As Malaysia saw a surge in new COVID-19 cases, the government implemented a month-long movement control order (MCO) nationwide. Inter-district and inter-state travels were banned and many social traditions were forced to be set aside during the Eid al-Fitr festival.
KUALA LUMPUR, May 14 (Xinhua) -- Malaysia's Muslims marked a more somber Eid al-Fitr festival as the COVID-19 pandemic drags on into a second year, with many social traditions forced to be set aside amid surging cases.
Around the national capital Kuala Lumpur, streets, malls and markets that would usually teem with people celebrating the end of Ramadan and the start of Eid al-Fitr holidays were mostly vacant this year, with the government banning inter-district and inter-state travels, making the traditional exodus of "balik kampung" or people returning to hometowns impossible.
Among those who will be spending the holiday at home is Muhammad Naib Sarmat, who works as an e-hailing driver, traversing the streets which are fairly empty after the government implemented a month-long movement control order (MCO) nationwide after a surge in new COVID-19 cases.
While he lives with his immediate family, he has not been able to return to his hometown in the southern Johor state for a second year as travel restrictions were in place last year as well.
"It was the same last year and it is the same this year. Travel to the hometown is not allowed. But there is still a lot to be thankful for. At least there is work and my family is safe. Of course it would be better to celebrate like before," he said.
"Hopefully with all the measures being taken, with the vaccination, we will see the end of MCO and this virus. I am prepared to face the same thing next year but I do not want to think of how it will be if we have to be like this after that," he said.
Another resident of the capital, Mumtaz Ali said the coronavirus was a blow, not only to Muslims but also to their non-Muslim friends as well as Eid al-Fitr, which follows the fasting month Ramadan, with people usually being able to visit each other to enjoy food and company as part of the open house tradition.
The open house practice means that guests and even strangers can visit the homes of those celebrating the holiday, to wish them well and enjoy the feast prepared by their hosts with the aim of fostering closer intercommunal ties.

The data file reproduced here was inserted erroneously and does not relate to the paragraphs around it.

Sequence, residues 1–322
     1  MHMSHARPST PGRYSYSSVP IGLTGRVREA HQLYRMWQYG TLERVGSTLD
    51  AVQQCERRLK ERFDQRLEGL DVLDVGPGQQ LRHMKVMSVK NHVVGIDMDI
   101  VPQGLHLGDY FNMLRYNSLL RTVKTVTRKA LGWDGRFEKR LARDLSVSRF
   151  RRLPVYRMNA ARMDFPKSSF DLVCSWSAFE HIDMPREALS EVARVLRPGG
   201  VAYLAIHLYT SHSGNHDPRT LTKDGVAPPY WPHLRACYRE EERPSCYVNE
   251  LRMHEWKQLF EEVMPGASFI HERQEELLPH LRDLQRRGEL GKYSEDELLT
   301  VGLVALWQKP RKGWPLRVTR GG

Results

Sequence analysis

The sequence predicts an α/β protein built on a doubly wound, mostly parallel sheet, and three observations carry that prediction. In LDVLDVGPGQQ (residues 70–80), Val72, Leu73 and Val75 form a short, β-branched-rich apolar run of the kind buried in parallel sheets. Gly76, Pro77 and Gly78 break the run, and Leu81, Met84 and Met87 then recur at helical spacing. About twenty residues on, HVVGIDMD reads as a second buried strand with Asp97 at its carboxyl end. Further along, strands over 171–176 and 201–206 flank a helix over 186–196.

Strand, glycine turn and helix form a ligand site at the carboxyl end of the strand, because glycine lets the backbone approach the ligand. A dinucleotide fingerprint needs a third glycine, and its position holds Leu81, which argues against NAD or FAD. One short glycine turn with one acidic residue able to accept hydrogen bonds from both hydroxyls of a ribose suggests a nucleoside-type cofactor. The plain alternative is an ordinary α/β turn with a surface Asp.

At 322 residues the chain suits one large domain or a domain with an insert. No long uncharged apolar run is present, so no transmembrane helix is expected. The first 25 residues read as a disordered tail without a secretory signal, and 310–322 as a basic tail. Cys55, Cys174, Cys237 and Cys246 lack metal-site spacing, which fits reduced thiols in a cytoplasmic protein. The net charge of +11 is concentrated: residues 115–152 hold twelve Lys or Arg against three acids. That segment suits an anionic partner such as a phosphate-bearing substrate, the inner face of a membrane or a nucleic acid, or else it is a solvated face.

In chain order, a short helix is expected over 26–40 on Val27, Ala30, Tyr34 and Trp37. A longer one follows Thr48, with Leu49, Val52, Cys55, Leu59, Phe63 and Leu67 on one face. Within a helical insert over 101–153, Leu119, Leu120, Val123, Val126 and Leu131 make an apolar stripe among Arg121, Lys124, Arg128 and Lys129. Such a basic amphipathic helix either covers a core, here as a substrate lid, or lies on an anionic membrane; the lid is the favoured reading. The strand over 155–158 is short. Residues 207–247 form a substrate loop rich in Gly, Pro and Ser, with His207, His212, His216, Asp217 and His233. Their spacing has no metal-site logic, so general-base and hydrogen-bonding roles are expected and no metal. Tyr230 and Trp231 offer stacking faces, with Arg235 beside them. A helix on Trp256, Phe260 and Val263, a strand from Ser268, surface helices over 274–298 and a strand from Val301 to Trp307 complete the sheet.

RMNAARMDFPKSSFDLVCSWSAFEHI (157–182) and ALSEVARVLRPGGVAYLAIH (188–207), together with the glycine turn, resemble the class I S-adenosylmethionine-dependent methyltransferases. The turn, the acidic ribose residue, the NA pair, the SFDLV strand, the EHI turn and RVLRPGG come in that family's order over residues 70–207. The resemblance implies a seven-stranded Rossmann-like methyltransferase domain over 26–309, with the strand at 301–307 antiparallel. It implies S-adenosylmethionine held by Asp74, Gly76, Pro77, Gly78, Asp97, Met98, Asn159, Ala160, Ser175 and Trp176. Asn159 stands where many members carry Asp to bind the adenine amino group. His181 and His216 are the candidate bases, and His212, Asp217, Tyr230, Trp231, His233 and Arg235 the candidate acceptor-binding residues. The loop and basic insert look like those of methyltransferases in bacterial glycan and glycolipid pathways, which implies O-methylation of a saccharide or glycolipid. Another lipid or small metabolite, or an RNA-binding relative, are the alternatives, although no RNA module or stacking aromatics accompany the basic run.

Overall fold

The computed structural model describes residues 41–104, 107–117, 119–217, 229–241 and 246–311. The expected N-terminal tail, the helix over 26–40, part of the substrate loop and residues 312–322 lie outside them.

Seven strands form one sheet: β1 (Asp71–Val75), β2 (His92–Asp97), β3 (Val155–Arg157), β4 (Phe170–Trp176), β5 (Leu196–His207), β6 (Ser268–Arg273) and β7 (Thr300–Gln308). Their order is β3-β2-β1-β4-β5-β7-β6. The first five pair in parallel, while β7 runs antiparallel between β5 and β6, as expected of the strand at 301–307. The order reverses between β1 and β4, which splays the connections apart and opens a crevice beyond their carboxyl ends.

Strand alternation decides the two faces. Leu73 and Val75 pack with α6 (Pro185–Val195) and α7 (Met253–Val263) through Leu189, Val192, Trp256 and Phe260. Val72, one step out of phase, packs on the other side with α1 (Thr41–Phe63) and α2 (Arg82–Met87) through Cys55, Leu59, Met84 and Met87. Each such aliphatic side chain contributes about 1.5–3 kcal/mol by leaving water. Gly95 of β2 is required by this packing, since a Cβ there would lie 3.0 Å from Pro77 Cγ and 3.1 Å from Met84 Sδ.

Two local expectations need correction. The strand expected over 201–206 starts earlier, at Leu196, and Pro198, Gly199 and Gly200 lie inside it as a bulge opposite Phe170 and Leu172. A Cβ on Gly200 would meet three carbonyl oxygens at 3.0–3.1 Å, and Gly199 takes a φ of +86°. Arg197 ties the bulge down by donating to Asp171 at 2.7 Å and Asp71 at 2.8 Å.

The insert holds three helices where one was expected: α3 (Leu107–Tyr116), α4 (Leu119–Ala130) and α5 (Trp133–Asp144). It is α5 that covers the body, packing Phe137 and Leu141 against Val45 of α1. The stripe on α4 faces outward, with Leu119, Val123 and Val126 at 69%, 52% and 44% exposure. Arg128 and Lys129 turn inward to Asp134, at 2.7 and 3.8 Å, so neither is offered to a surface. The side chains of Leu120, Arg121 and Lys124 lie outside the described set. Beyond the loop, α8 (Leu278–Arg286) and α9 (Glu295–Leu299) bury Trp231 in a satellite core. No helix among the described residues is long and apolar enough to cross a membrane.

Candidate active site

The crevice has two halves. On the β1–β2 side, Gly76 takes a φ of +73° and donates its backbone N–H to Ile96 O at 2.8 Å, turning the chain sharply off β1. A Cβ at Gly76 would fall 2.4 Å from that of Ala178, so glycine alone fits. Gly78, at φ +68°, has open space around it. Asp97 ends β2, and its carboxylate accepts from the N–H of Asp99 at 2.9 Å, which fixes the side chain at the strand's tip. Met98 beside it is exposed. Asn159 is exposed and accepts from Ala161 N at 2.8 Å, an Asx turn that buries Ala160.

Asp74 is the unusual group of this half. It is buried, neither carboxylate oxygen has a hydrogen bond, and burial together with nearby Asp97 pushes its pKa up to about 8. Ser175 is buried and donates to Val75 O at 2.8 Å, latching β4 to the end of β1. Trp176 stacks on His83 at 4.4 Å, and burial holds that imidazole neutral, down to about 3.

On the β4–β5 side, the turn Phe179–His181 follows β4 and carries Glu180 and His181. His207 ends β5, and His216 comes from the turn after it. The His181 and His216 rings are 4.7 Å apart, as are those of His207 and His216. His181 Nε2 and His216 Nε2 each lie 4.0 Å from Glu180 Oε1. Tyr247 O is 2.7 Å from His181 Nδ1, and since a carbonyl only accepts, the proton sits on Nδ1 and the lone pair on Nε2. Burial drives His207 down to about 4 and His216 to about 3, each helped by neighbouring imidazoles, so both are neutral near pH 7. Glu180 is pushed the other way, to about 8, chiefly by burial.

"I will remain here with my family and dissuade others from visiting," he said. "In order to break the COVID-19 chain of infections, it is vital for all of us to follow the rules set by the authorities. We must act responsibly and be careful until the situation is under control."
The Malaysian government declared its third nationwide MCO from May 12-June 7 after COVID-19 cases began to surge last month, with new records set for the number of patients requiring intensive care and assisted breathing in treatment. Health officials have warned that the public health system is overstretched.
In a televised speech on Thursday, Prime Minister Muhyiddin Yassin reminded Malaysians that the MCO and associated restrictions are necessary to avert a catastrophe, saying that not taking action would see new cases surge to 10,000 per day.
"If no firm and drastic action was taken, the country could plunge into a health catastrophe and face a national crisis," he said.
"At that time, the nation's entire healthcare system, which is currently in a critical stage, will be paralyzed like what has happened in other countries. People will die lying by the roadside as hospitals will no longer have the capability to take in any more patients," said the prime minister.
There were over 40,100 active cases recorded in Malaysia on Wednesday, and 39 new deaths, the highest single day death toll since the pandemic hit the country, which has imposed a travel ban on India and other South Asian countries in efforts to stop the spread of new COVID-19 virus variants.